The Dáil resumed today and opened my political season to scenes of wild jubilation in Dublin, with the announcement of interest rate cuts in the terms of our super dooper bailout deal. I never saw Mickey Noonan smile before, so I guess there's life in the old guy yet. Ireland rate in now a less penal 3.5% and could save the taxpayer €1-5 billion each year, though the Department of Finance are playing down that figure tonight.
So here's one for Mickey. Plough a half a billion into less cuts in December's budget and the other half into enterprise and announce it this week, so Ireland doesn't have to face the next four months with pessimism that goes past what even the word can offer. If you could spare even half a million on filmmakers that would go a long way to in the short term too. Call me!
It might be reason for celebration, but the bottom line still remains the taxpayer was penalized for a generation while the greatest swindle in our national history still goes without one-iota of accountability - for anyone. There are men out there, literally in debts of billions being paid handsomely by NAMA, and 'Top' civil servants retiring early with million euro payouts and pension bonanza's. It's a painful injustice to have to bear when you read the likes of this.
This Dáil session will do well to equal the extraordinary happenings of the same time last year when Fianna Fáil's debacle at their drink-in slowly led down months of political intrigue this country is unlikely to see again for some time. From lies to the public, to bailouts, to loss of sovereignty, to games of golf with villian of the piece, Seanie Fitzpatrick, they were swept into insignificance by a public who just had enough of nearly two decades of (pick your own word) and wanted nothing more from them.
The honeymoon is over but, I think Fine Gael for the most part have the tools to ride it out. I'm not so sure about Labour though. With Gilmore now the target of press concerning his meekness at the cabinet table and Joan in the department of social protection, this coming four months could do the party significant damage. A very significant opposition they would have been if they had not jumped on the Fine Gael bandwagon. How much significance will they have if the weight of public opinion goes against them over the coming months? Fine Gael would be in prime position to possibly secure an overall majority and ensure a return for many for that lucrative second term.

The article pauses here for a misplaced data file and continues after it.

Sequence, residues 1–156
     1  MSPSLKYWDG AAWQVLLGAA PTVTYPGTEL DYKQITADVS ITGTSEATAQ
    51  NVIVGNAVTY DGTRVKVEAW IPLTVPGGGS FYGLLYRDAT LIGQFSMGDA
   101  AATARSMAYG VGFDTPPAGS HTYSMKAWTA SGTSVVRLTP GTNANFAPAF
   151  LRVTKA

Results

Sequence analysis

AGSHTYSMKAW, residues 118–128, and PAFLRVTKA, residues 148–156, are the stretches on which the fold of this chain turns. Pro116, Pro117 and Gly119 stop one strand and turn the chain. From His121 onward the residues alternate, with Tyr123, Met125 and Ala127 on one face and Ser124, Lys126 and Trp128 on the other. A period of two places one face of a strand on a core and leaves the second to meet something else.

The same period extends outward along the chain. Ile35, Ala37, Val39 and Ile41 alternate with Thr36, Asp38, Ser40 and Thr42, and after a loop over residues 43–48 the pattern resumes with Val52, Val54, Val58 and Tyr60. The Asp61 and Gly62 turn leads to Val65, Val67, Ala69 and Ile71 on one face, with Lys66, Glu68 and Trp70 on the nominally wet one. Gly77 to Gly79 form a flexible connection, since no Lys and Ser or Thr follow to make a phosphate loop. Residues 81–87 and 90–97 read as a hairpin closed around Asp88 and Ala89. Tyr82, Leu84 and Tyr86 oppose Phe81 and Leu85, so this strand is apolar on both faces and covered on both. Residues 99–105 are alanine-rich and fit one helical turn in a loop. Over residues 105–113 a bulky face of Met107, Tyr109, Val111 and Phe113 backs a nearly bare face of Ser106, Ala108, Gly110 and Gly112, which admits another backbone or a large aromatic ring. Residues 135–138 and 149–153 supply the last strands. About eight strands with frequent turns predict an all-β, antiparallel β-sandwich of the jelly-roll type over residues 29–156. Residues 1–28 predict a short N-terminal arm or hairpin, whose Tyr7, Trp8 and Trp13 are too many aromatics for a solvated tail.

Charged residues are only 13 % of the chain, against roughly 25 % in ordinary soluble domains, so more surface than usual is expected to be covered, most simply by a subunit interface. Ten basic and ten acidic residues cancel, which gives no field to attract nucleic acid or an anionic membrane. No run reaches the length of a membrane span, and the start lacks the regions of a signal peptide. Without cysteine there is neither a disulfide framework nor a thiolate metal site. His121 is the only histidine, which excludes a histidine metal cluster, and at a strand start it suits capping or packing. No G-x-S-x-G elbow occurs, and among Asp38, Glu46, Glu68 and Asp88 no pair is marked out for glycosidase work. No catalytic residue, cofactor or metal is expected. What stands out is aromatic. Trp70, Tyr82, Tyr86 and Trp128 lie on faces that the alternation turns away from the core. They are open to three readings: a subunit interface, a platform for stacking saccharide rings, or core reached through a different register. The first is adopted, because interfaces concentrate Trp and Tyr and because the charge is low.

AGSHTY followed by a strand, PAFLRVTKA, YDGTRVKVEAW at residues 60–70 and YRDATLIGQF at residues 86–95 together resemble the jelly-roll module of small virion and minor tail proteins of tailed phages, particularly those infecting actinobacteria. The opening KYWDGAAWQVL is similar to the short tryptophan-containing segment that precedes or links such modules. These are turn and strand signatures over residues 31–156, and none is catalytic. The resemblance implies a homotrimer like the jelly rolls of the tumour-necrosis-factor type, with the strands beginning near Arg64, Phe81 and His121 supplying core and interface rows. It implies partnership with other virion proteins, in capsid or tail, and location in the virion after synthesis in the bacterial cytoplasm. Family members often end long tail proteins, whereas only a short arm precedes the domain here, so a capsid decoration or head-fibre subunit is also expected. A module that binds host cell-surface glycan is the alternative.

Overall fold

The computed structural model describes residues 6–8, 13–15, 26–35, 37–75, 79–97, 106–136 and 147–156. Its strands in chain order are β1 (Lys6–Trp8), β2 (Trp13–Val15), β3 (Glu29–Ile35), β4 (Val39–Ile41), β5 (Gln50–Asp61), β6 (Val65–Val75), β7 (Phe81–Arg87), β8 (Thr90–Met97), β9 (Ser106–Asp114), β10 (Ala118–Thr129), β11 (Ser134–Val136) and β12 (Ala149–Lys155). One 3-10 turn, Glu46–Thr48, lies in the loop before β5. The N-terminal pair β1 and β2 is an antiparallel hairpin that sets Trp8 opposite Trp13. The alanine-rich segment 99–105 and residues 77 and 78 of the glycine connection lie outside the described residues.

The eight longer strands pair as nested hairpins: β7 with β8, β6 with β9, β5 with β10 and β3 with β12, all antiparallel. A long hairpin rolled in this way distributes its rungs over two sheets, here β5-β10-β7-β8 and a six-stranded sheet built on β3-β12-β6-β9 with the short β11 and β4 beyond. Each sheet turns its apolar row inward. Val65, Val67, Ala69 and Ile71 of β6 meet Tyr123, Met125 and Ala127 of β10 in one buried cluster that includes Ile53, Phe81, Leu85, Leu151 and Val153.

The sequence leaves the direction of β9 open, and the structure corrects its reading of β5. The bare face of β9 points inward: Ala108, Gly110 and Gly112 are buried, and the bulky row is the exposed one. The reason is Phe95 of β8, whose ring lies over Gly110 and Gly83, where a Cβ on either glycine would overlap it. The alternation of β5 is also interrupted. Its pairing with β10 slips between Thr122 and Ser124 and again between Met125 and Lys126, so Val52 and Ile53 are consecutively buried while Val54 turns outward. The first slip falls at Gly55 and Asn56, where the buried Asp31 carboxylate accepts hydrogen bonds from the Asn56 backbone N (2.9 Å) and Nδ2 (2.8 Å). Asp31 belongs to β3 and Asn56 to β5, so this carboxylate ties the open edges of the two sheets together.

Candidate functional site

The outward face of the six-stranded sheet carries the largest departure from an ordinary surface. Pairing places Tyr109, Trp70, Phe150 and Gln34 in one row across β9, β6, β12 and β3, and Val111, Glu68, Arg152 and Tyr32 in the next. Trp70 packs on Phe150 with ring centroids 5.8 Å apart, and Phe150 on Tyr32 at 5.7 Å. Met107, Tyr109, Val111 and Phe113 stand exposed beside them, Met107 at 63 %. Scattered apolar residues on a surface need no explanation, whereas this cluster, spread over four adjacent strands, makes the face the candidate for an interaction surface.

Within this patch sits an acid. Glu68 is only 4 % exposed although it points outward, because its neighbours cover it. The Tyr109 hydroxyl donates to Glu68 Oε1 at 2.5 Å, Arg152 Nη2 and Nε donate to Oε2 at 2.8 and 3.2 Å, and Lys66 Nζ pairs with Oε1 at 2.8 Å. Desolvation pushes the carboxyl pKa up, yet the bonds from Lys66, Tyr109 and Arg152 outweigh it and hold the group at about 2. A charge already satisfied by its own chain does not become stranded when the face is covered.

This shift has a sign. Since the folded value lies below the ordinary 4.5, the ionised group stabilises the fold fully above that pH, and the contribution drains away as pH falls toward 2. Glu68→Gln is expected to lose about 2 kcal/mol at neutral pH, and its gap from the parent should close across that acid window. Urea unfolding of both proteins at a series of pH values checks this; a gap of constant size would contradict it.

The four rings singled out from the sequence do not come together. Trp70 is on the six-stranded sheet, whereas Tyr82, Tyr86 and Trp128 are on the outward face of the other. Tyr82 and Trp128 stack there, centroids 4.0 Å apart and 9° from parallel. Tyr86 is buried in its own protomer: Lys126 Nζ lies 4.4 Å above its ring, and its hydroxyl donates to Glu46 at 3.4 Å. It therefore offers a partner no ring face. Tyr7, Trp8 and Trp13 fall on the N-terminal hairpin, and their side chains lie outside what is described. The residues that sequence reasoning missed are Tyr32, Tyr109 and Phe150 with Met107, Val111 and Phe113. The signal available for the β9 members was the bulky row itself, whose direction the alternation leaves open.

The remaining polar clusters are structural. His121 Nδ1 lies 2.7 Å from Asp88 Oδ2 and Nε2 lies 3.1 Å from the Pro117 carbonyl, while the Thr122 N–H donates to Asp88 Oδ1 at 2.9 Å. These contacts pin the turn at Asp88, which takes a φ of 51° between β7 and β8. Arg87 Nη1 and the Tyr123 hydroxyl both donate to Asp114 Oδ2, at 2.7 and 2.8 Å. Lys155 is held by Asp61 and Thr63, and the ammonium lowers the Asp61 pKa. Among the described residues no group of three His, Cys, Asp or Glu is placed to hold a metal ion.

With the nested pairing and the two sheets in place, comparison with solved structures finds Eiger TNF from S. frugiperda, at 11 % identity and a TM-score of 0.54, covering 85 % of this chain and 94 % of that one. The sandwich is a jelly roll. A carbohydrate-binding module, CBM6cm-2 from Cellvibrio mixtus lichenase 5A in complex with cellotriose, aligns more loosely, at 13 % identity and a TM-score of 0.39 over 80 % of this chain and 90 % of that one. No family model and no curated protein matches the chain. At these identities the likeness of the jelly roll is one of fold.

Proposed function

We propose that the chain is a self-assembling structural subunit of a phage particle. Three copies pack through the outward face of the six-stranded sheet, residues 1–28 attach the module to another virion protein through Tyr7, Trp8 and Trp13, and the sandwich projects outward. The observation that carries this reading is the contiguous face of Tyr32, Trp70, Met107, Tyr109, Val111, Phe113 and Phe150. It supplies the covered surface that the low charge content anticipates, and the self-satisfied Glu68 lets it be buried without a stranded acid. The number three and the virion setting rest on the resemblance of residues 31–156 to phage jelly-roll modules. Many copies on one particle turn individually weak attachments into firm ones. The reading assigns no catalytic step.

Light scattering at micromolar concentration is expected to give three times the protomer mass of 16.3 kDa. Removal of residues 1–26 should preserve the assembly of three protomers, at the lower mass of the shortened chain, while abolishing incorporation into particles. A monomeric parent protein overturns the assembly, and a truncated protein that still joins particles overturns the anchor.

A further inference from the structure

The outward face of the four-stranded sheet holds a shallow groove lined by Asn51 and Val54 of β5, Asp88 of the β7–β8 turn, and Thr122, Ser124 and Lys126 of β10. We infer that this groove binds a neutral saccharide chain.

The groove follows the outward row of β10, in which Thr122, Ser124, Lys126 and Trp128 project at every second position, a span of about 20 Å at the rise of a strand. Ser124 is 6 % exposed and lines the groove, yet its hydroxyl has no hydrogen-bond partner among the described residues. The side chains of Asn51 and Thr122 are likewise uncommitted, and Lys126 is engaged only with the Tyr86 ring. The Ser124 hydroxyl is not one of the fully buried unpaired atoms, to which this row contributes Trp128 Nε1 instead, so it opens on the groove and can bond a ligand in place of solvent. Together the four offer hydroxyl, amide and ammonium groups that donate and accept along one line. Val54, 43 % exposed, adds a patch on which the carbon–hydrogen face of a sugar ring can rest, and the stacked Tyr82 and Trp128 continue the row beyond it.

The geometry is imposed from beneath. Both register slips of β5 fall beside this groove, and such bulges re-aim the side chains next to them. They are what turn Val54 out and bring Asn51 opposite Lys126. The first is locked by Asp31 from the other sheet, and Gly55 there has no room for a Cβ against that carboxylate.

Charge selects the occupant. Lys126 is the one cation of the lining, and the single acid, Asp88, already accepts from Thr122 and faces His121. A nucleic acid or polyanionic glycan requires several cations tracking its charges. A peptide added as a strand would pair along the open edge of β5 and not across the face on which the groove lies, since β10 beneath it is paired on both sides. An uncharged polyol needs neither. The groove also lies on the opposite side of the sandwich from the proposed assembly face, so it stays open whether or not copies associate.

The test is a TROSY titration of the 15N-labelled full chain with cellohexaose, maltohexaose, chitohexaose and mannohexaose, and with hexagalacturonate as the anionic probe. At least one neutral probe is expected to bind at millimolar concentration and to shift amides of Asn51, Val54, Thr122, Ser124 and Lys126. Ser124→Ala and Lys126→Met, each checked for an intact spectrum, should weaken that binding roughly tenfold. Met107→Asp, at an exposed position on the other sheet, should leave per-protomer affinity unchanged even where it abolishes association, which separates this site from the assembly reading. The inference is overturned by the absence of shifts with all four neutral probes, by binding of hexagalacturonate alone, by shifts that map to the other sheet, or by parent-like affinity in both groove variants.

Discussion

It's also an important session for Sinn Féin and perhaps to a lesser degree, the United Left and Fianna Fail. Sinn Féin could capitalize significantly should Labour show signs of distress. The United Left are calling for mass demo's against austerity, but how will that fare for them against the weight of the people as a whole? By all accounts the Croke Park agreement is safe and that was to be expected.
But Ireland is leaking jobs in significant numbers still. Emigration remains a problem, though too some, I'm sure it's a Godsend. Banks remain zombies. Nothing going anywhere except exports oversees - citizens included.
I don't rightly know what is going to happen as Ireland enters its fourth winter of discontent in a row. For some it may only be their first or second, but some are battle weary at this stage. If forums and places of comment are anything to go by we are a pretty divided people in lots of respects. That's what makes me think, like the changing climate, their might be many such winters to come yet.
Little new blog experiment at the bottom of this page. There is a 'vote for me button'- little blue one - which if pressed rises blogs further up the rankings on a blog host site. I'd like to see if it has any impact over the coming week as a test subject for writers and blogs. So if you can spare a second to travel down and click on it that would be just super.